- Delilah wakes Samson as the Philistines approach him, but the "Lord had left him." The Philistines seized Samson, gouged out his eyes and took him to Gaza where they bound him with bronze shackles and "set him to grinding in the prison."
- His hair grows back. No one notices.
- ALL of the rulers of Philistia and a great many others were gathered for a celebration to the Philistine god Dagon in thanks for delivering Samson. Spirits were high, so they brought Samson out to "perform" for them. There were three thousand on the roof of the temple. Samson asks his guides to lead him to the main pillars holding up the temple so he could lean against them.
- Samson prays.
- The prayer is granted. Samson is blind, but the Lord grants him his strength. He lays one hand on one pillar and the other on another pillar and gives a great push. That day Samson killed more Philistines in his dying act than while he was alive.
The Nazirite vow had been broken. The hair is not a talisman nor was it the secret to Samson's strength. God was under no obligation to grant Samson's request for one final push. Samson's prayer was answered simply because Samson had aligned his will with God's. Prayer has always and will always work like that.
- Judges 16:31 says his father and brothers went down to get him and buried him in his father's tomb between Zorah and Eshtaol. He judged Israel for twenty years.
Before anyone asks, The bible doesn't address the fact that Samson had brothers. They could have come from a different mother, or I like to think the divine intervention jump started the woman's ovaries.
The Judges in Judges
Listed in order they appear in Judges - Bold indicates major judges.
- Othniel - Caleb's nephew, a Judahite. Defeats Aram Naharaim.
- Ehud - Tribe of Benjamin. Defeats Moab.
- Shamgar - Minor Judge who killed 600 Philistines with an oxgoad (it's a stick).
Mentioned in Judges 3:31 he was a contemporary of Deborah.
The name is not Hebrew and he is likely not an Israelite. "
Son of Anath" may have indicated he was a warrior;
Anath was Baal's sister, a goddess of war, or that Shamgar was from Beth Anath.
- Deborah - Tribe of Ephraim. Defeats Canaan.
- Gideon - Defeats Midian
- Tola - Tribe of Issachar. He lead Israel after the time of Abimelech for 23 years. Judges 10:1-2.
- Jair - Jair followed Tola. He was from Gilead and so was likely from the Tribe of Manasseh. He had thirty sons who rode thirty donkeys and they controlled thirty towns in Gilead. You can read this in Judges 10:3-5, but I just wanted to type "thirty sons, thirty donkeys, thirty towns..."
- Jephthah - Tribe of Manasseh. Defeats Ammon.
- Ibzan - Likely from the tribe of Zebulun due to his origin. There are two towns called Bethlehem in the bible. Ibzan is from the other one. (It's interesting to research; Google, "Bethlehem of Galilee" to research. It's actually closer to Nazareth than Bethlehem South (Judah) and there are some historians that believe Jesus is from this one. Just a thought.) Ibzan led Israel for seven years. Judges 12:8-10.
- Elon - Also a Zebulunite. Judged Israel for ten years. Judges 12:11-12.
- Abdon - Was buried in Ephraim so, Ephraimite? Judges 12:13-15. He had forty sons and thirty grandsons who rode on seventy donkeys. Gideon had seventy sons. Abdon judged Israel for eight years.
- Samson - Tribe of Dan. Begins the defeat of Philistia.
The Israelites, led by Joshua, realized some remarkable victories in the conquest of Canaan. You can read of the tribal land allotments in the book of Joshua, chapters thirteen through twenty-one. After Joshua's death however, the Israelites quickly fell away from God and started suffering defeat. The first chapter of Judges relates some of these failings prompting God to use the Canaanites to scourge the Israelites.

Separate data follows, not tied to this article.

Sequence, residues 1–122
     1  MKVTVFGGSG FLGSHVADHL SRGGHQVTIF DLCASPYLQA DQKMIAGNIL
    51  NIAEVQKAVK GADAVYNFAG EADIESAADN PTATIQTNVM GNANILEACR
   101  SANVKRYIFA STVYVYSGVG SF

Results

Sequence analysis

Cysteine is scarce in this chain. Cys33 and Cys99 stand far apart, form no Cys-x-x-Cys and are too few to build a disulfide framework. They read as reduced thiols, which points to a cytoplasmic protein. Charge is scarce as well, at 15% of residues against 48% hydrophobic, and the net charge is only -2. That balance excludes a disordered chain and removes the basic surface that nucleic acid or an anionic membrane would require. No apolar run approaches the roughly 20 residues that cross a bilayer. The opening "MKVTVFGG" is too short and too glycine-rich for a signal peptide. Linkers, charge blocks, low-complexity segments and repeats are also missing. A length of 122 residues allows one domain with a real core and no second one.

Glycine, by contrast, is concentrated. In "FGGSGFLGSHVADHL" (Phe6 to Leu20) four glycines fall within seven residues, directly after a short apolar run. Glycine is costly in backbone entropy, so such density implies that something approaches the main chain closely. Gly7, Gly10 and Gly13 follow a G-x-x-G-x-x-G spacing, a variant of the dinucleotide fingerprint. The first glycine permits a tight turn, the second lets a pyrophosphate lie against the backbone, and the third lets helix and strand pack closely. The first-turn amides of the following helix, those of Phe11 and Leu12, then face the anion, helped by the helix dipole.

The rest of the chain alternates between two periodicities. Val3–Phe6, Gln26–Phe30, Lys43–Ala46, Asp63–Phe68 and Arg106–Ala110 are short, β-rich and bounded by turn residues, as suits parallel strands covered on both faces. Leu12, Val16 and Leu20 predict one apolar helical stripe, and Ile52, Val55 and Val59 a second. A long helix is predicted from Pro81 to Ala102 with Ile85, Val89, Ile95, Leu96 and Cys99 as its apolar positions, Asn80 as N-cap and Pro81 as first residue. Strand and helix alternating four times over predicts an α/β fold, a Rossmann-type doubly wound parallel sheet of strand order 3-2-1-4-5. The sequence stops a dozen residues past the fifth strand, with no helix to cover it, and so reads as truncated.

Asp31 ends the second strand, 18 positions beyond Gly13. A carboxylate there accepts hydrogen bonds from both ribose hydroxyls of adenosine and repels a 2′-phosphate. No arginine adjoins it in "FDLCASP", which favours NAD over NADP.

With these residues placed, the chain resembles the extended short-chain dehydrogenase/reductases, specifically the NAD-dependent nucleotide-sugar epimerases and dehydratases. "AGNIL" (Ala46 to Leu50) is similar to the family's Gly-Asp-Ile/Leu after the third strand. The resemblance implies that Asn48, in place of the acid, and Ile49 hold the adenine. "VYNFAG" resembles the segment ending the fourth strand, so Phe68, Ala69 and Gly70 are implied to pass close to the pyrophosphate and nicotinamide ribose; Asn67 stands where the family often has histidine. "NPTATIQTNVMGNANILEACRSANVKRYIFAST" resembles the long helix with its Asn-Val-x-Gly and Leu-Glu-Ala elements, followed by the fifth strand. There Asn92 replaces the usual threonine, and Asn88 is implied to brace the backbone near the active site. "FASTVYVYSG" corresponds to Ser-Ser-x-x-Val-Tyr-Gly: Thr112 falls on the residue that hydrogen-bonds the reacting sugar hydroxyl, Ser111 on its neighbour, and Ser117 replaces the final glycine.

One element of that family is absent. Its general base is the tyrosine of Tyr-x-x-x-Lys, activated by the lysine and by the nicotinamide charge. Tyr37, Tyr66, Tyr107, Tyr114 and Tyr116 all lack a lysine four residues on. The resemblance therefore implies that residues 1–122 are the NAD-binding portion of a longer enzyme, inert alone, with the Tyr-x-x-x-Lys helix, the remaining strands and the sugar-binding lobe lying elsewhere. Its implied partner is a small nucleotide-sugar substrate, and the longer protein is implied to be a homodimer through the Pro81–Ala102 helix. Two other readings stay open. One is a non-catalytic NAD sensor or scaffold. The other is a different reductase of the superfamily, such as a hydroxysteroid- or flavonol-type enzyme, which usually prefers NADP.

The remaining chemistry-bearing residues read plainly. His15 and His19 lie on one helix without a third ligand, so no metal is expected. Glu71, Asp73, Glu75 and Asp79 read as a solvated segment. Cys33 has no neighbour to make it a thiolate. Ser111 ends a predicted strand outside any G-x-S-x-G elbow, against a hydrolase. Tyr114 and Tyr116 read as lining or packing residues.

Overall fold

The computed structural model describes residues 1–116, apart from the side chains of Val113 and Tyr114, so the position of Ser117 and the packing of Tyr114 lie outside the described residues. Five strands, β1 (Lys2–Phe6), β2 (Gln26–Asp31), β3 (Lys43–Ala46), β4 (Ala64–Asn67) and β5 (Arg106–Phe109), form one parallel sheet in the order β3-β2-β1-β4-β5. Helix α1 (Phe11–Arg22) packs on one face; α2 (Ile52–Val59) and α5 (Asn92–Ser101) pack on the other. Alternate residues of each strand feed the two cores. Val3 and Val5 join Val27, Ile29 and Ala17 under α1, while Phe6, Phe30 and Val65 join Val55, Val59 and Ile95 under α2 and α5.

- Judges 1:19 - [Judah] were unable to drive the people from the plains, because they had iron chariots.
- Judges 1:21 - The Benjamites, however failed to dislodge the Jebusites who were living in Jerusalem.
- Judges 1:27-28 - 27. But Manasseh did not drive out the people of Beth Shan or Taanach or Dor or Ibleam or Megiddo and their surrounding settlements, for the Canaanites were determined to live in that land. 28. When Israel became strong, they pressed the Canaanites into forced labor but never drove them out completely.
- Judges 1:29 - Nor did Ephraim drive out the Canaanites living in Gezer, but the Canaanites continued to live there among them.
- Judges 1:30 - Neither did Zebulun drive out the Canaanites living in Kitron or Nahalol, who remained among them; but they did subject them to forced labor.
- Judges 1:31-32 - 31. Nor did Asher drive out those living in Acco or Sidon or Ahlab or Aczib or Helbah or Aphek or Rehob, 32. and because of this the people of Asher lived among the Canaanite inhabitants of the land.
- Judges 1:33 - Neither did Naphtali drive out those living in Beth Shemesh or Beth Anath; but the Naphtalites too lived among the Canaanite inhabitants of the land, and those living in Beth Shemesh and Beth Anath became forced laborers for them.
- Judges 1:34-35 - 34. The Amorites confined the Danites to the hill country, not allowing them to come down into the plain. 35. And the Amorites were determined also to hold out in Mount Heres, Aijalon and Shaalbim, but when the power of the house of Joseph increased, they too were pressed into forced labor.
God addresses these failings in Judges 2:1-4.
Judges 2:1-4 1. The angel of the LORD went up from Gilgal to Bokim and said, "I brought you up out of Egypt and led you into the land that I swore to give to your forefathers. I said, 'I will never break my covenant with you, 2. and you shall not make a covenant with the people of this land, but you shall break down their altars.' Yet you have disobeyed me. Why have you done this? 3. Now therefore I tell you that I will not drive them out before you; they will be thorns in your sides and their gods will be a snare to you." 4. When the angel of the LORD had spoken these things to all the Israelites, the people wept aloud, 5. and they called that place Bokim. There they offered sacrifices to the LORD .